The methods we use to measure smart building performance are still immature and fragmented, writes Joseph Aamidor.
Like any solution sale, smart building vendors typically create detailed business cases to convince building owners and operators to make a purchase. In the past, these business cases were based primarily on energy savings. Over the past few years, there has been some push to quantify other bottom-line savings opportunities, such as reduced maintenance costs and avoided equipment replacement.
At the same time, some research shows that green buildings (which share some features with smart buildings) drive top-line benefits such as higher rents and property value. In general, the top-line benefits are more compelling to an enterprise, but they may be less understood or “believable,” given that the hard data is research-based and may not be as tangible to individual building owners.
Energy Star and other sustainability protocols like the Global Real Estate Sustainability Benchmarks (GRESB) provide some standardization for green building performance, which is part of the smart building value proposition. These standards may help make some of these top-line benefits more compelling. But the energy savings is likely to be just a fraction of the total value of smart building technologies. A smart building business case based solely on energy savings will leave money on the table.
In fact, there are many ways that smart building technology can add value to buildings, and even more ways to measure this value. But just as the market for the solutions is fragmented and opaque, so are the metrics to understand the value proposition of these technologies. Some vendors attempt to define their own smart building metrics. In addition to being self-serving, this just adds to the confusion.
The standard financial metrics used in real estate may indirectly help to quantify smart building technologies. However, metrics such as rents, asset value, and occupancy rate (and the changes to these metrics after smart building technologies have been installed) are likely to be indirect and lagging. Additionally, factors like location have a significant impact on real estate financial metrics.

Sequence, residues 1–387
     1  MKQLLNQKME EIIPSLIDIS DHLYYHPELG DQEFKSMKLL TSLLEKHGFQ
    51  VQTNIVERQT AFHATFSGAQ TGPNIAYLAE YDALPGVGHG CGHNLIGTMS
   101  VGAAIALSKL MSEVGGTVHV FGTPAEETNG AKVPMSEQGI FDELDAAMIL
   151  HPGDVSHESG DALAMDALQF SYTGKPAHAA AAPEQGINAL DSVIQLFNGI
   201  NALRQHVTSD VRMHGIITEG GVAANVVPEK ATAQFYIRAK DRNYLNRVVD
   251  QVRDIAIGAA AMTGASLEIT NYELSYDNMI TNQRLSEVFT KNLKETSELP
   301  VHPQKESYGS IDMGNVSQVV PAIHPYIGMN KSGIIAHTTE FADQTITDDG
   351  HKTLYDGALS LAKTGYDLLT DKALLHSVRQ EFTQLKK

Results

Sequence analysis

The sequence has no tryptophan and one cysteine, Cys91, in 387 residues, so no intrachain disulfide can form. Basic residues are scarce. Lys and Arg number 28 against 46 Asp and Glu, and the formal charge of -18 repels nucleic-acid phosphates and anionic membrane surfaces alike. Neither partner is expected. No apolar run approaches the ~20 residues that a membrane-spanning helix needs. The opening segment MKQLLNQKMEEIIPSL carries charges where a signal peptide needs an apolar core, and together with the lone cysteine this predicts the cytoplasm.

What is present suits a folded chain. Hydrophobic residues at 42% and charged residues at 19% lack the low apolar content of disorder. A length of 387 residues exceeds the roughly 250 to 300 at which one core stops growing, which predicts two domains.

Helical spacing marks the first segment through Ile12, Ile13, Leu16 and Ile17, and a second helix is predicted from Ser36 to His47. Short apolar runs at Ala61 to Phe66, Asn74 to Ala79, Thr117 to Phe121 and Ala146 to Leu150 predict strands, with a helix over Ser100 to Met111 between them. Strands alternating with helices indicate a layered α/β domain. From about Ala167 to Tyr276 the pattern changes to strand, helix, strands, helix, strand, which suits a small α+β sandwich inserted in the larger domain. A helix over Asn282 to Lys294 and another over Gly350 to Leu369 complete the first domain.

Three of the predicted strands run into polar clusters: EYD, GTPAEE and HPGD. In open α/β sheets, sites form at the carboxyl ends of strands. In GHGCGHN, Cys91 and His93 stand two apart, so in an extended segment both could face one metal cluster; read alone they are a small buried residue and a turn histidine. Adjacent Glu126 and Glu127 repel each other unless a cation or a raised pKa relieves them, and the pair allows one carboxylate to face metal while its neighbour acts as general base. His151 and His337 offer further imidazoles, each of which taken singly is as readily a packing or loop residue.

Comparing the value of smart building technologies in New York vs. Nashville will be difficult, since the property values themselves are so divergent. Additionally, each city has different key industries, and some of these industries may value smart building technologies more than others. For example, high tech corporations on the West Coast may place more value on smart building technologies.
In addition, depending on the type of building, there are going to be different metrics that matter. For example, a marquee office building downtown may use smart building technologies for competitive differentiation, or an anchor tenant may request specific features. Smaller buildings, such as restaurants and retail spaces, may look at the operational efficiencies that are enabled with modern building operations technology.
Two things are needed. First, we need research on the value of smart building technologies, much like the research on green buildings. Second, the development of standards on what technologies are considered smart would add clarity to the market and help buyers procure technologies without as much friction. But these developments are years away. Until that time, here is some guidance on the four categories of metrics that should be considered by building owners and operators.
Alternatively, building owners must dedicate their own staff time to address the operational issues that are identified by the smart building solutions. Today, the relevant operational metrics focus on facility and energy costs per square foot, the number of work orders, and the average time to close them. In the future, predictive analytics may help avoid issues entirely (a metric such as “avoided work orders” may become relevant). Today, facility managers considering smart building technology should understand which metrics each vendor uses to build its business case and compare them to the metrics that the organization itself tracks.
Specifically, building owners should consider the bottom-line improvements based on operational efficiency and the top-line benefits from occupant-centric features and capabilities. This will help establish a more robust business case for smart building investments. Smart Building Metrics: Measuring the Opaque, Misunderstood and Poorly Defined | Greentech Media